Is Cornhole a Sport? The American Cornhole League Says Yes

Posted by Ryan Beltz on

The rise from backyard game to possible Olympic sport

What started as a backyard game played with family and friends has now morphed into one of the fastest growing sports in the country—and, dare we say, a possible Olympic sport?

Of course, we are talking about cornhole! But what makes cornhole a sport? Is it because you can now regularly see cornhole matches on ESPN? Is it because people are retiring from their jobs to pursue a career as a cornhole player?

The easy answer to all those questions is yes! But we should first explore what classifies an activity as a sport before we show you why cornhole is slowly growing into one of the most popular games in the country!

Cornhole Version of MLB Logo

What is the definition of a sport?

If we are going strictly by the definition found in the Oxford Dictionary, then sport is “an activity involving physical exertion and skill in which an individual or team competes against another or others for entertainment.”

By that definition, cornhole is most certainly a sport! However, if we want to get more into the weeds of what a sport is, then we should dig a little deeper.

Sports are classified by fair competition to ensure all players have an equal opportunity by the governed rules to win a chosen contest. Some rules may differ or change over the years, but they are a fundamental part of what classifies an activity as a sport.

Cornhole has many rules that ensure fair competition, such as not crossing the board line when making a toss. (It helps when you have one of our pitch pads to designate the throwing area.) These rules get more advanced and specific when you compete in professional cornhole leagues or in cornhole tournaments. For instance, the American Cornhole League (ACL) has specific rules and regulations when it comes to type of board, bags, and gameplay.

Most cornhole bags that are used at the professional level have to be ACL-approved. Check out our collection of ACL-approved Reynolds cornhole bags to see what’s used on the professional circuit.

The biggest gripe some people have about cornhole not being a sport is the lack of physical exertion compared to other sports. While this might be true, the mental aspect of cornhole coupled with the muscle memory used to play at the highest levels makes the case as to why cornhole IS a sport.

Before we get into the future of cornhole and why many believe it has the potential to become an Olympic sport, let’s look back at the history of this backyard game and how it has grown in popularity over the years.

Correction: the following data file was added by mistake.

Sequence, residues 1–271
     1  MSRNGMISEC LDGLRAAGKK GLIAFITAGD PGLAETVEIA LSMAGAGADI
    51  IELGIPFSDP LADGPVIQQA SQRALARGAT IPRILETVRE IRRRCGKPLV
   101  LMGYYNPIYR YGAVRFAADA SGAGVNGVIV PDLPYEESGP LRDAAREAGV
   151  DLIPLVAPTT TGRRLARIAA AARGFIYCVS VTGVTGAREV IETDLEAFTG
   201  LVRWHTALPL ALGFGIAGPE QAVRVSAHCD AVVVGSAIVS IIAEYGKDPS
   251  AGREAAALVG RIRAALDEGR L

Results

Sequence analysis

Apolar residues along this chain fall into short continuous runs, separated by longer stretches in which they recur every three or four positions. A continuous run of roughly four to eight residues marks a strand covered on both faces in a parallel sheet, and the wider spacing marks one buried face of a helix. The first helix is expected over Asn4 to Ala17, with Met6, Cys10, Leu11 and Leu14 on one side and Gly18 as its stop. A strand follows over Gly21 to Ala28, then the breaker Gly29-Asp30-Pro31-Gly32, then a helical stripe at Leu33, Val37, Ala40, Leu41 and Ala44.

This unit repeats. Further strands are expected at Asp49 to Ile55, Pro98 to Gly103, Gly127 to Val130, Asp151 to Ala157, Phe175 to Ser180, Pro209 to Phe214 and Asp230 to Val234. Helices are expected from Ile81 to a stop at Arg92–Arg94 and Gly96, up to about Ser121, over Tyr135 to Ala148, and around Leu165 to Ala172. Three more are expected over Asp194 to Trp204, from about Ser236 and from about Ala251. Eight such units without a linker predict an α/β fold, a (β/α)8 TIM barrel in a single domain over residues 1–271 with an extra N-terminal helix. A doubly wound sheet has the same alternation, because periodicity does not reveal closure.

Cornhole Clipart Image

The History of Cornhole

There are many stories on the origin of the game “cornhole.” Sometimes it’s hard to separate fact from fiction or myth from history. Some historians credit the Germans for originating the idea of “tossing bags.”

Legend has it that during the late 1800s, Germans invented the game after exchanging rocks for bags of corn for their children to toss. They then migrated to the Cincinnati, Ohio, area and started the fun game in the United States!

Yet Germans weren’t the first to introduce the game to the United States. In fact, the game was already here! Native Americans were the first inhabitants of the North American continent, and it is believed that they filled animal parts (like dried bladders) with corn to play games. Some say that it was Native Americans who introduced the game to areas in Cincinnati and Kentucky.

That brings us to the great debate about where cornhole regionally started in the United States. Whether it was influenced by Germans or Native Americans, cornhole historians (yes, we are including ourselves) argue over whether credit should go to the state of Kentucky or the city of Cincinnati.

Both areas tie their roots to a 19th Century Midwest farmer named Jebediah McGillicuddy. The story goes that the Kentucky farmer came up with the idea for cornhole as a fun activity to pass time with family and friends. Maybe early versions of the game had a similar look to our popular Treated Oak Cornhole Set?